Rebecca Douglas, 3605 W. Bingham Hill Road, stated that she loved and appreciated the quiet area.  The project was not in harmony with the neighborhood and the amplified music, intensity of use, and more people would be in disregard to many of the neighbors.  She stated that there were many people that lived on the road that were not happy with the proposal and hoped that the decision would be based on that.


Dave Tweed, 4130 Bingham Hill Road, stated that after 2 ½ years of looking, he found his home on Bingham Hill but first checked the zoning before his purchase to ensure what kind of area it would be.  Bingham Hill was very historic and a very beautiful area, and he liked the area because it was peaceful, quiet, and a good place to raise his son.  There was already one commercial business on the site and with a proposal for two more commercial businesses it would increase the noise, traffic, and affect the surrounding environment.  He was also concerned about the alcohol usage.  He stated that most of the events would be on the weekend in the summer, and it was not harmonious with the neighborhood. 


Reid Pope, 3930 Bingham Hill Road, supported the project because he firmly believed in property rights.  He stated that he was more impacted then anybody because he lived behind the property and the guests would have to use his road to get to the parking lot.  He stated that the project would benefit people and might help impact the businesses in the LaPorte community. 





Joe Sullivan, 4020 Bingham Hill Road, stated that it had been tough to watch the building go up when there had been no approval yet.  He felt that the plan would work but it was in an area not designated for commercial use, and the location would impact the area.  He was also worried about traffic and safety.  He remarked that there could potentially be a basketball camp all week and then a wedding on the weekend, which could occur all summer.  He also pointed out that there were cyclists all day during the warm weather, which posed a conflict.  He was opposed to the project. 


Sheryl Pope, applicant, spoke to all the changes they had made to make the project more compatible for the neighbors.  She also revealed her feelings regarding the hurtful questioning of their integrity and business sense from their neighbors and people that up to recently had been very friendly.  She also stated that the income from the new venture would help her family as they were in a new situation with her husband being unemployed.  She stated that for her it came down to a simple question, “Did the commission believe that they could deny them the chance to at least try?”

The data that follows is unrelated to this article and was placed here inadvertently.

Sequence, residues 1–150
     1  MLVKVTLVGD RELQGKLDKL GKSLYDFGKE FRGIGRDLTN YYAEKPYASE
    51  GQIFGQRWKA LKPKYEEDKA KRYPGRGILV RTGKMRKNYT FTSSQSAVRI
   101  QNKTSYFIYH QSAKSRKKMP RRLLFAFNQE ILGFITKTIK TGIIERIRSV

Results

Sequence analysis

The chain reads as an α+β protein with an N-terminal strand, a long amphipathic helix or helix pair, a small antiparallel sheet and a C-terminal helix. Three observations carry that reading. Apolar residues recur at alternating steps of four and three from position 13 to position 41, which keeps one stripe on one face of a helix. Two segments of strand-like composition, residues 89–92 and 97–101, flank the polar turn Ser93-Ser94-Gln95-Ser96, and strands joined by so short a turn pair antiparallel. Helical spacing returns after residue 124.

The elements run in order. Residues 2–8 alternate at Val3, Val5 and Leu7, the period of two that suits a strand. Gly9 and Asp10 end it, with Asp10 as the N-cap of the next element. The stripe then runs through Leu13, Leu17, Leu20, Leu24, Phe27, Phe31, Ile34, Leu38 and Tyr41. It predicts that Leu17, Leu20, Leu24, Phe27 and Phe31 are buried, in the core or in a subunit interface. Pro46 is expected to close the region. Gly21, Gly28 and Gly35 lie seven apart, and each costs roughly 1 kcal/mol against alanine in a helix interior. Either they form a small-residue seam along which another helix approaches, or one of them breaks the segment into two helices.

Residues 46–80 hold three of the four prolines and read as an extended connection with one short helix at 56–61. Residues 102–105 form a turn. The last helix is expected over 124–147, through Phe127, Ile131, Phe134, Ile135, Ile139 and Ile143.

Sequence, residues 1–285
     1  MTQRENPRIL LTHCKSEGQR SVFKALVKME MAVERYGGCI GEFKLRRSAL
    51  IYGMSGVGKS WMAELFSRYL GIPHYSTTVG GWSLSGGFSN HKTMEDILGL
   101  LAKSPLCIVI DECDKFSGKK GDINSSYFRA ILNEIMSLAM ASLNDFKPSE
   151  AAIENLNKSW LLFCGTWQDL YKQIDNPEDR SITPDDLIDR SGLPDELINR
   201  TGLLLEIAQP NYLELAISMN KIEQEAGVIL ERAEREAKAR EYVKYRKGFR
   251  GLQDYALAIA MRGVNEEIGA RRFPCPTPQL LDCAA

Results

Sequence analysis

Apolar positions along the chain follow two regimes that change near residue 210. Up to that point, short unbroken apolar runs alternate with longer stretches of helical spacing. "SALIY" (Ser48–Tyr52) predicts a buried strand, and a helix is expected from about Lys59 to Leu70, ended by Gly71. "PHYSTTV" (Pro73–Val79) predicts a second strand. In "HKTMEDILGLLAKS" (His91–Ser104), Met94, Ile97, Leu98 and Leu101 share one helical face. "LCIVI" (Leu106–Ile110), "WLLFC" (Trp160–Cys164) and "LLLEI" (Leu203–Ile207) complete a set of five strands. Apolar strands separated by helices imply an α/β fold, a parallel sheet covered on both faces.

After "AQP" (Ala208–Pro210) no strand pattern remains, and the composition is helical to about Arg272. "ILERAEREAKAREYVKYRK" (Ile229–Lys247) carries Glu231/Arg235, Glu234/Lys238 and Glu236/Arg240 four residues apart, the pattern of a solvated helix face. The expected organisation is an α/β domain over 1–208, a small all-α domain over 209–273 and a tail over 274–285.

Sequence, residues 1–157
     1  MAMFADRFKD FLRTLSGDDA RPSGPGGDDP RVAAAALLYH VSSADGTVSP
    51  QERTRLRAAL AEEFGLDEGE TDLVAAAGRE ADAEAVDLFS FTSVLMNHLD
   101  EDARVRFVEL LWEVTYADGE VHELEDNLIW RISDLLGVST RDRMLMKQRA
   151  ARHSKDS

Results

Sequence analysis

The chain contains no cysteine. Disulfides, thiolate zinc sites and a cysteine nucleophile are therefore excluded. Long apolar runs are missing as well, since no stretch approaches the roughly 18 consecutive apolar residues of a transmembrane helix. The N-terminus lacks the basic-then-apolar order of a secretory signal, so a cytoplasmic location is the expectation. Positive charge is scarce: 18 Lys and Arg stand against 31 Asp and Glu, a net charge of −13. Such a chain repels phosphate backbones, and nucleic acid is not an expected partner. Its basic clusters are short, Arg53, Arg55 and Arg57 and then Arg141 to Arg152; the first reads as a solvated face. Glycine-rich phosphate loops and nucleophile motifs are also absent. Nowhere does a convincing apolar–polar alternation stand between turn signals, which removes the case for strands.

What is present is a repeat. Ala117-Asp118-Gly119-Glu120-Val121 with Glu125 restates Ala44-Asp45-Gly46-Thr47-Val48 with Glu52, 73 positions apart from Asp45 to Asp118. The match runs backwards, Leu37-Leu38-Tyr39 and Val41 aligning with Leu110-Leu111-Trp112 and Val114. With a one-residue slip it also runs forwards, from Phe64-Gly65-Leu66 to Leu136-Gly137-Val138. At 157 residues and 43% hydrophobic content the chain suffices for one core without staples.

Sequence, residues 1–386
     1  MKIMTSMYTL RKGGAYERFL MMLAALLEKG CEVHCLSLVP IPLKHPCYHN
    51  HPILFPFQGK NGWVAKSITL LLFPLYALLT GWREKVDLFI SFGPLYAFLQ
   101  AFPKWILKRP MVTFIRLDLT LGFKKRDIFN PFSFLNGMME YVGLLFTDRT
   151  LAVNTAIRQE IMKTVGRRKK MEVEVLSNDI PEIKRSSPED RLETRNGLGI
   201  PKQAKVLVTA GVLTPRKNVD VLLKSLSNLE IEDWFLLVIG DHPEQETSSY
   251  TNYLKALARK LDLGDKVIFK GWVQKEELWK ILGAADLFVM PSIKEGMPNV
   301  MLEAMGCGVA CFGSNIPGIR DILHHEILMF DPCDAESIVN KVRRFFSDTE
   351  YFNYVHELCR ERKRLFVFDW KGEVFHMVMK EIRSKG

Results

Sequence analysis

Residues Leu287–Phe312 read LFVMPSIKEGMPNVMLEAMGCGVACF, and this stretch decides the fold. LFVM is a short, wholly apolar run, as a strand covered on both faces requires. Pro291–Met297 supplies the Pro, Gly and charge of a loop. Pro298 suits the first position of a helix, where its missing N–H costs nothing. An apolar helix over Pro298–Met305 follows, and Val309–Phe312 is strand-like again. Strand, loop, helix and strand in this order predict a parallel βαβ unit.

Randy Pope, applicant, stated that Mr. Ecton’s property was 140 yards from his property and the fence line was 50 to 60 feet from the gazebo.  There was also a ditch, a 20-foot road, and buffer of trees before you reached the property line.  He also noted that honeybees would not be an issue.  He mentioned again that they would keep a record of events and people to help with enforceability.  He also questioned Mr. Stoner’s opinion regarding the property values.  He stated that he understood the reality of maintaining agricultural land and surrounding property owners might be caring for their land from time to time.  He stated that the events would be held on the north side of the building and most of the sound would be reflected to the north.  He remarked that all businesses had a cumulative effect on noise, traffic, dust, light, etc.  He also mentioned that the impacts of unemployment in the county were substantial, and new visitors to the area would spend money and purchase goods and services in the community.  He stated that the project would provide 10-20 part time jobs throughout the year, which might also help the community to grow and the schools to stay open. 


Commissioner Hess asked if staff such as caterers, etc. had been counted in the numbers.


Mr. Pope replied yes.


Commissioner Dougherty confirmed that entertainment such as music would be held within the gymnasium or on the north side of the building.


Mr. Pope replied yes, and the gym was air conditioned.


Commissioner Morgan confirmed that if a camp was held each week there would be an equivalent of 23 events.  Therefore, there could be 23 weeks of events with the possibility to have 37 additional events if all 60 proposed events were held. 


Mr. Pope replied yes, it was possible.  He asked what the intent and impact was of amending the Land Use Code to allow for profit event centers in the FA-Farming zoning district?


Commissioner Hart asked if there was any way that the paving could be done before the start of the event season.


Mr. Pope replied no; from an economic standpoint there was not any way that they would be able to accomplish that.  He stated that that the Engineering Department was willing to wave the requirement for one year. 



Commissioner Weitkunat asked for an explanation regarding the addition to the gymnasium.